Sean Feit Oakes Namaste Yoga + Wellness Mindfulness

What is something you wish your students knew?
I wish students knew more deeply that they’re not alone in their struggles, and that way more is possible in life than mainstream culture, including yoga culture, suggests. I wish teachings of renunciation and liberation were more common in the Yoga and Buddhist communities, so that these gorgeous practices wouldn’t be reduced to surface interventions that help people survive our current inhumane social systems but don’t uproot the systems themselves, either from global power or from our own hearts.

What is your morning or evening routine?
Morning: up before dawn awoken by a toddler saying “Mama, Papa!!”, sitting and Refuge Puja while our boy nurses, then playing with him and making breakfast while his mama sleeps some more. Evening: after everyone goes to sleep, if I’m not exhausted, I get some quiet time to drop into my body. I do whatever feels good.

What is your favorite thing about being a teacher?
The relationships that form as a class or practice space becomes consistent, and how those consistent communities and practices start to affect people’s lives in real and meaningful ways. I love deep discussion about the implications of practice and the teachings on people’s lives.

What are you involved with outside the studio?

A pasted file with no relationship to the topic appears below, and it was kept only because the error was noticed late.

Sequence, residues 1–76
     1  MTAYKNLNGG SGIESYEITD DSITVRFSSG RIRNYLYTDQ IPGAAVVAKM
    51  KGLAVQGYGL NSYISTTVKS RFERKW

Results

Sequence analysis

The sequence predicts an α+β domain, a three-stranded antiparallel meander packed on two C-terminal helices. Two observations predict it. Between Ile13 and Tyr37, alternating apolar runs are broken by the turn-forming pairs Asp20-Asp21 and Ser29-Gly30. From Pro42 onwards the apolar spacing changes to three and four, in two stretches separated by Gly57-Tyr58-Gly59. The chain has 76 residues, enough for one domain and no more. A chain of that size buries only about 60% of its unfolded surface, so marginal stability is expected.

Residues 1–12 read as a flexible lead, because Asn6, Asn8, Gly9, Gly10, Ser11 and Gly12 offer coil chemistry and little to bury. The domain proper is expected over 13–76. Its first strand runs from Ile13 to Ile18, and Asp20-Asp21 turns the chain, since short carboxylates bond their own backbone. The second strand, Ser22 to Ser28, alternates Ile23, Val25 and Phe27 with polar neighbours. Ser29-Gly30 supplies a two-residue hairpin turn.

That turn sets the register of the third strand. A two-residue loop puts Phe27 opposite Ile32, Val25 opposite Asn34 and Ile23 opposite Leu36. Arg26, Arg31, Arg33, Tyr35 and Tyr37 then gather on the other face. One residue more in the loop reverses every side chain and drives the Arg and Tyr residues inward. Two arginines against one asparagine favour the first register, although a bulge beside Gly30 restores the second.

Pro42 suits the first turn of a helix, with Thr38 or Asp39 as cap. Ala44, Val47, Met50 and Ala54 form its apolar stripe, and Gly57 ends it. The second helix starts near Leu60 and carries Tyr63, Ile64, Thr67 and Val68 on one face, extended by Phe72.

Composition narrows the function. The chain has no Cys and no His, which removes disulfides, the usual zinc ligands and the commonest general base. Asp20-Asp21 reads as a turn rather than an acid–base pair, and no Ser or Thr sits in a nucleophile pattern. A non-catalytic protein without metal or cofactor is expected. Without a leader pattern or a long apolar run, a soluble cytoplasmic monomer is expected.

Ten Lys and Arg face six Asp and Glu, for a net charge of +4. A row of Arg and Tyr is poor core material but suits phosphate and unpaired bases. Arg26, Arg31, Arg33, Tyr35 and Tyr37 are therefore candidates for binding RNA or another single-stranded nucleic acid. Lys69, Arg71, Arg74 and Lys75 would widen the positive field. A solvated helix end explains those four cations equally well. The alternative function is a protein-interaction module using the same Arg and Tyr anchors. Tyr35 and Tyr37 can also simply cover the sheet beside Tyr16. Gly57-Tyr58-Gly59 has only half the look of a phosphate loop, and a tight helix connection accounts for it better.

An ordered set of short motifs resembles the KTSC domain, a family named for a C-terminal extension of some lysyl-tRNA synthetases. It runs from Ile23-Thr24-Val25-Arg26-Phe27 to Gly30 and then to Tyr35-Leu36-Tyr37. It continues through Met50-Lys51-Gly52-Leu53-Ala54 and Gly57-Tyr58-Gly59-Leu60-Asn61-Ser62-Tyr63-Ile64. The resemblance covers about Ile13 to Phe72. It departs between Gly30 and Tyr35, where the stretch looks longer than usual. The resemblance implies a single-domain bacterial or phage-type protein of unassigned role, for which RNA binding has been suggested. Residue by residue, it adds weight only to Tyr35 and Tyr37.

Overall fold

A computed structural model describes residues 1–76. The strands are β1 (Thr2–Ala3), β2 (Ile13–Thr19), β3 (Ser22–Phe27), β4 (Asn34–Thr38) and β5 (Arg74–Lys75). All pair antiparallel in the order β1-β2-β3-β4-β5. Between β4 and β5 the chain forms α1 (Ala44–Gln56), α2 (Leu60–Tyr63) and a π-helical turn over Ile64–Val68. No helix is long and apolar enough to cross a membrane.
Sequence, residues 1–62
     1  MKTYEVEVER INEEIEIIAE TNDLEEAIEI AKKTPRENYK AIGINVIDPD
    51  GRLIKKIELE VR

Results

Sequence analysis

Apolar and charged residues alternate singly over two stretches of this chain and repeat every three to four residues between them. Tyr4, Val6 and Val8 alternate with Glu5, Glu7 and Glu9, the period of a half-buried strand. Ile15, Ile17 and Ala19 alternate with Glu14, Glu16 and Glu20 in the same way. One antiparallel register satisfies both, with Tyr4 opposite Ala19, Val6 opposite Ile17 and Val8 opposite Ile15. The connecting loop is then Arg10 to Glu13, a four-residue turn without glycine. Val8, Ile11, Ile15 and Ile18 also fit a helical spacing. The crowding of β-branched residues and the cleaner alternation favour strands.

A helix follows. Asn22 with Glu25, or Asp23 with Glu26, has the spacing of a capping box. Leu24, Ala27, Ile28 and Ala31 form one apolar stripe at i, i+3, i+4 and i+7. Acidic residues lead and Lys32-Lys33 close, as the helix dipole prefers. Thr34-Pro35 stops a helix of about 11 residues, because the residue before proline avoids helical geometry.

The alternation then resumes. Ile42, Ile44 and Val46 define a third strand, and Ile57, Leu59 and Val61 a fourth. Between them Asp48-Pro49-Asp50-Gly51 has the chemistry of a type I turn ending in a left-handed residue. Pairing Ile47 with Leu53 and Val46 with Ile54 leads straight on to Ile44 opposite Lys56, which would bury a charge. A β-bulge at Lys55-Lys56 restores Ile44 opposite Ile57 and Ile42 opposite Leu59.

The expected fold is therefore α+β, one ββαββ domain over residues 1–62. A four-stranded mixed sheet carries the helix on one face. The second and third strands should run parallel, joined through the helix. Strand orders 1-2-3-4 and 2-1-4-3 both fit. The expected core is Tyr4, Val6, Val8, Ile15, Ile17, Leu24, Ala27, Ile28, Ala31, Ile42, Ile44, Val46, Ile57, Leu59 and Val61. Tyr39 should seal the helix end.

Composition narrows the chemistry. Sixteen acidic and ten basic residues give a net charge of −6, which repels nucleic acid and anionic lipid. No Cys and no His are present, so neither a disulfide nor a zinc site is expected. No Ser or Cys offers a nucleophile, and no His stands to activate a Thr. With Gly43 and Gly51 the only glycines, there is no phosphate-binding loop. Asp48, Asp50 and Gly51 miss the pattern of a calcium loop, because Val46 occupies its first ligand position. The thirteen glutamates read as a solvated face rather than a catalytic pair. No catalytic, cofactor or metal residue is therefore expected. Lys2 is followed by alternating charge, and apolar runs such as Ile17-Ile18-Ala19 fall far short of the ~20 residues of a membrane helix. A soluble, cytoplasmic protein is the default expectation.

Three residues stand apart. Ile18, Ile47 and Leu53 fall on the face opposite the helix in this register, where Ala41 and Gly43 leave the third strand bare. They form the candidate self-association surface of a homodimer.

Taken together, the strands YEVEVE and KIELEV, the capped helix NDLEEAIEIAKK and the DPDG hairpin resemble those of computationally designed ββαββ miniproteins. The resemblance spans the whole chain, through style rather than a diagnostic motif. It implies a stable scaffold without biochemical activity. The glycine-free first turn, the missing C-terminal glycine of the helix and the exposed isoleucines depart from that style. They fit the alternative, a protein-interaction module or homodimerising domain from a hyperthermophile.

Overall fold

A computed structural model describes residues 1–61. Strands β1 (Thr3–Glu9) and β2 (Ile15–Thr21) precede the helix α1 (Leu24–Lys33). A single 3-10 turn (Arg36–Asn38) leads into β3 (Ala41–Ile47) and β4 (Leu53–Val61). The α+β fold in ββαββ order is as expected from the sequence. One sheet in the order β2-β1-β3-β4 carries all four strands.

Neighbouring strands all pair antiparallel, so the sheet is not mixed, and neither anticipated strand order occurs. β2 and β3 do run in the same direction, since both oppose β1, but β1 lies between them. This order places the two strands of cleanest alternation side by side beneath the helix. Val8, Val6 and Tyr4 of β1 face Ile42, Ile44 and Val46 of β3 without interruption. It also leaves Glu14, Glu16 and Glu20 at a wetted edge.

I teach Buddhism, Yoga, and Organic Intelligence® in various places, including Spirit Rock. My main work is individual sessions for yoga and meditation practitioners where we work in various ways to deepen practice, including counseling, trauma resolution, subtle bodywork, and inquiry. Other than work, I try to write as often as I can, and the rest of my time is for family.

What is your go-to movement (asana, dance, hiking, etc.) that allows you to feel the most connected to yourself?
A slow, intuitive vinyasa is still my most grounding movement practice, but I also love running as a meditative energy practice, and my long-time deep movement home is the postmodern dance form Contact Improvisation.

What is your favorite thing about the Bay Area?
It’s my home! I grew up here, and I don’t have a favorite thing specifically, though the main thing that makes it hard to move away is the depth of connections I have made over the decades. I’m grumpy about the Bay Area nowadays and can barely afford to live here anymore, but nowhere else feels like home, and that’s still a precious, subtle feeling.

Anything else you want to share?
I want to offer my blessings to everyone who calls Namaste home, and say that I’m thrilled to be bringing my teaching work here. I’m excited to meet many of you over time, and to contribute whatever I can to deepening the practice and study being offered at the studio.

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Meet Your Teacher: Jerry Givens

Namaste Yoga + Wellness is a container for the Bay Area’s best yoga teachers to offer their incredible talent and wisdom to students of all backgrounds. These highly experienced teachers have dedicated their lives to sharing the gift of yoga with others and we couldn’t be more grateful. It is an honor to support them and to connect them with yoga practitioners like you.